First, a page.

In response to charges that the recent renovation of Town Hall left the Tinker Street landmark with chronic heating problems and other systemic flaws, the Woodstock Town Board convened its February 18 meeting at the site, inviting town employees and members of the public to make their own judgments about the project’s outcome.
Representatives of the three municipal departments based at Town Hall — police, emergency dispatch, and justice court — uniformly praised the results of the approximately $1.7 million renovation, which expanded and modernized their offices. The project was completed last April. In attendance were both of the town court’s justices, Richard Husted and Frank Engel; the police chief, Clayton Keefe; and the dispatch supervisor, Lori Hamilton.
By all accounts the temperature in the spacious courtroom, where the meeting unfolded, was comfortable — warmer, some observers noted, than the main room at the Comeau Drive town offices, where the Town Board usually meets. Nevertheless, councilman Bill McKenna, who served as the board’s liaison on the approximately $1.7 million renovation, acknowledged the persistence of isolated heating problems elsewhere in the building, including two rooms in the back and the lobby in front.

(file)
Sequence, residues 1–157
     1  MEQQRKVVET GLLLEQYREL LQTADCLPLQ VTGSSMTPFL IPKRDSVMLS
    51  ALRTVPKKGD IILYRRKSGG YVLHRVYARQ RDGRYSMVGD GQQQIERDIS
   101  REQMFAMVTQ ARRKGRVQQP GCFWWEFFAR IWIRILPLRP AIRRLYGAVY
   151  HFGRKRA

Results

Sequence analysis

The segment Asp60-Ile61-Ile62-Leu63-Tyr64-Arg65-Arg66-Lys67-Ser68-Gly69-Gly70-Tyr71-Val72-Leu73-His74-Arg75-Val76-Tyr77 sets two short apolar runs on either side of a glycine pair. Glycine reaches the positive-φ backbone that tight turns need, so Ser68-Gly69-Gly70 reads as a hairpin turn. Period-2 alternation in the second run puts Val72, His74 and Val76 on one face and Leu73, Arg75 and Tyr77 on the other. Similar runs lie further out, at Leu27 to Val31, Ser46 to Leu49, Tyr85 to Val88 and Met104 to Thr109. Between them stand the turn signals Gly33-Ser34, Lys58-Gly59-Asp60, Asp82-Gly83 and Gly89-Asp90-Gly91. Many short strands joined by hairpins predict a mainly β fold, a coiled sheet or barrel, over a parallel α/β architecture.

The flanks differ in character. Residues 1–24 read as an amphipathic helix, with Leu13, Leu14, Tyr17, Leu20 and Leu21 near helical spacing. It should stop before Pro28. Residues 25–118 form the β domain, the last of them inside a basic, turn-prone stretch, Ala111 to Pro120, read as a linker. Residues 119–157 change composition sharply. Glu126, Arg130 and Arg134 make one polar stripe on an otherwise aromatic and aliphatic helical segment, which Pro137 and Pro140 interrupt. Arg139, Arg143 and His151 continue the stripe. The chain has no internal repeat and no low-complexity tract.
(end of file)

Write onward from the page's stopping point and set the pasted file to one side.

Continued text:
The councilman vowed that any remaining flaws would be fixed, with the work performed by the renovation’s contractors and not by municipal departments. McKenna said that he has asked Town Hall-based employees to submit a list of heating “issues,” which he will discuss with the renovation’s heating contractor, DJ Heating and Air Conditioning, of Rhinebeck, during an upcoming “walk-through” of the building, the second such visit by the contractor since the renovation was completed.
If a heating-related problem was found to result from the system’s failure to meet design specifications, the contractor would be expected to do the remedial work and absorb its cost, the councilman stated. “The contractor is responsible for balancing the heating and cooling systems,” said McKenna in a February 19 interview.
Meanwhile, Woodstock supervisor Jeremy Wilber sought to rebut charges by the onetime clerk of the works for the Town Hall renovation, Don Snyder, that the building was contaminated with asbestos residue when town employees returned to work there. Snyder and other critics of the project have described its alleged flaws in letters to this newspaper. The Town Board dismissed Snyder at an early stage of the construction process and replaced him with Charlie Wesley, who oversaw the completion of the project.
Wilber presented various documents, including reports by Alpine Environmental Services, an Albany firm charged with asbestos abatement at Town Hall, demonstrating that asbestos had been removed and shipped from the building twice in August and September of 2012 and that the air at Town Hall had received a “passing” grade in a final test on September 6, 2012. The documents included the Asbestos Handling License issued to Alpine by the state Department of Health.